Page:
By Emily Anne Espinosa |Staff Writer|
Los Angeles Times journalists and editors arrived on campus oct. 20 to discuss the recently published controversial articles about the San Bernardino community by the LA Times.
Last year, the LA Times covered the urban living conditions of the city in the seven part series, “San Bernardino: Broken City”, as well as the coverage of the Dec. 2 shootings.
The coverage of the Dec. 2 shootings lead the LA Times to receive a Pulitzer Prize, with a $10,000 cash award.
“San Bernardino: A Quest for Understanding” Symposium, addressed the criticism about their recent piece released during the summer 2015 “A Broken City” series written by reporter Joe Mozingo.
Event attendees included President Tomas Morales, Editor-in-Chief and Publisher Davan Maharaj of the LA Times, Dean Terry Ballman of College of Arts & Letters, Dr. Michael Salvador, the Chair of the Department of Communication Studies, as well as other faculty members, students, and officials.
“I was aware of the reaction of the San Bernardino community to their series, the San Bernardino: Broken City series, but also their wonderful coverage of the tragic Dec. 2 attacks said Ballman. “I thought that it might be difficult because these topics are not easy, but that’s precisely what the University should do, to provide venues so that we can have difficult conversations,” continued Ballman.
Maharaj expressed his concern and respect for the community, offering a moment of silence for the Dec. 2 shooting victims.
“They wanted to reach our community and I think that statement was made very clearly with their Editor-in-Chief and with his remarks, they were very heartfelt too, especially regardng the December 2nd victims and that their intent is to communicate that they really care about this community,” said Ballman.
Serving on the panel were LA Times Journalists Mozingo, Paloma Esoquivel, and Dr. Rodd Metts, Associate Professor of Communication Studies, and Dr. Mary Texiera, Professor of Sociology.
Specialist, Sunday, and Enterprise editor of the LA Times, Bob Sipchen, moderated the discussion.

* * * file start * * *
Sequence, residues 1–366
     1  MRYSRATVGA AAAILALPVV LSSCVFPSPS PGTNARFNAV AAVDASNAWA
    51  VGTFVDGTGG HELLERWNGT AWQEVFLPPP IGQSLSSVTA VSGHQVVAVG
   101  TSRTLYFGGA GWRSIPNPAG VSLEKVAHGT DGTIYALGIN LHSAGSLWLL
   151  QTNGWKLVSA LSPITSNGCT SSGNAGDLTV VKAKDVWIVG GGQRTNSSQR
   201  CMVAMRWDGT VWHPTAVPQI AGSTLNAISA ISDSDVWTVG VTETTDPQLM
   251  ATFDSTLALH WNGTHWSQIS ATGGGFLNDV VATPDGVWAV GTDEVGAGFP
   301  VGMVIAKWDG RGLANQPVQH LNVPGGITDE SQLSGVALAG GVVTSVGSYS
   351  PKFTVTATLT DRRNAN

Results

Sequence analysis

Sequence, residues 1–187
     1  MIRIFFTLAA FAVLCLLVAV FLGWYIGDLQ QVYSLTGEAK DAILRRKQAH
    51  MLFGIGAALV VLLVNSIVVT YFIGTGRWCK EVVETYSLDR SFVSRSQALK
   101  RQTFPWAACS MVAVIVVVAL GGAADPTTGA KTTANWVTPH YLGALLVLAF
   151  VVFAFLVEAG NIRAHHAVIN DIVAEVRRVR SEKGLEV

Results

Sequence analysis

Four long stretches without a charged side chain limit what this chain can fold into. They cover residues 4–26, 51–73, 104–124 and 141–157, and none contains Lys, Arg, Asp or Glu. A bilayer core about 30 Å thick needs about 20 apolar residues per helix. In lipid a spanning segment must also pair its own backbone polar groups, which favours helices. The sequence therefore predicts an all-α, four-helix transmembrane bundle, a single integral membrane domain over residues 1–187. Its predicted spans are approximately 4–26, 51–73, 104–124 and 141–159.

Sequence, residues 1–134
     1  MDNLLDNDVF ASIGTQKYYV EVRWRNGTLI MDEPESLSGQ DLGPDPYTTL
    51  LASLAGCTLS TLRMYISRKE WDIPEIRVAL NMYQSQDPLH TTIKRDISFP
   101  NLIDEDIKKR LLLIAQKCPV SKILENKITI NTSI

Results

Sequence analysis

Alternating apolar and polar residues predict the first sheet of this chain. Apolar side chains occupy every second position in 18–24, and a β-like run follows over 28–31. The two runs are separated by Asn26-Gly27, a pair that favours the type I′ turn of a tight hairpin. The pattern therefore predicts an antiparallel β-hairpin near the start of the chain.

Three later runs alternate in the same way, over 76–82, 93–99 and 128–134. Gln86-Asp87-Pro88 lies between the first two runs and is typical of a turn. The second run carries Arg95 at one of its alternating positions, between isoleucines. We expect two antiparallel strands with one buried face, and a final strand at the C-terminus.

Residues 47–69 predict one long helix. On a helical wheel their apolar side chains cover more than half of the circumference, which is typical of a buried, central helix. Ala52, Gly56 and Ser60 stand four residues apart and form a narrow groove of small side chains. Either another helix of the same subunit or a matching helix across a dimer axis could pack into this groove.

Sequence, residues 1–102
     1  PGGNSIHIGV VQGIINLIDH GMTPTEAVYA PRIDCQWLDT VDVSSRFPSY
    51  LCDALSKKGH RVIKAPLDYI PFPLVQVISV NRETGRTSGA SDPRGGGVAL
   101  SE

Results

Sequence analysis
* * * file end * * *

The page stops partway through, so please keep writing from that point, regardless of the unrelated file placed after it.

Mozingo’s visit combined with photographer Francine Orr and videographer Liz Baylen, resulted in the creation of his Broken City series.
“It changed my perspectives of all cities in some way, said Mozingo. “I’d like to say that the story is a distillation of the woes of cities across America. San Bernardino got hit a little worse, but there are cities that are very close to here that have always had these same problems,” continued Mozingo.
Others argued that the reporting of the city focused too much on one narrative, and did not accommodate other aspects of the community. What was the reporting supposed to do? Expose both or just one side?
“There’s the argument that the coverage turned people away from San Bernardino, it made it harder to attract business to San Bernardino and that impedes the ability of the city to the make things better,” said Salvador. “On the other hand, there’s the argument that bringing attention to real, serious problems will force government officials and other people to take it seriously; they can’t sweep it under the rug and ignore it,” continued Salvador.
Last May, Tanya Erlach, the LA Times Director of Editorial Events, had visited campus and proposed to have the symposium
“I will give a lot of credit to the LA times, it was really their idea,” said Salvador. “They reached out to us and I think when they received the Pulitzer prize for the coverage of a very tragic event in our community, I think they felt an ethical responsibility to be connected with that community, and to give something back to that community.”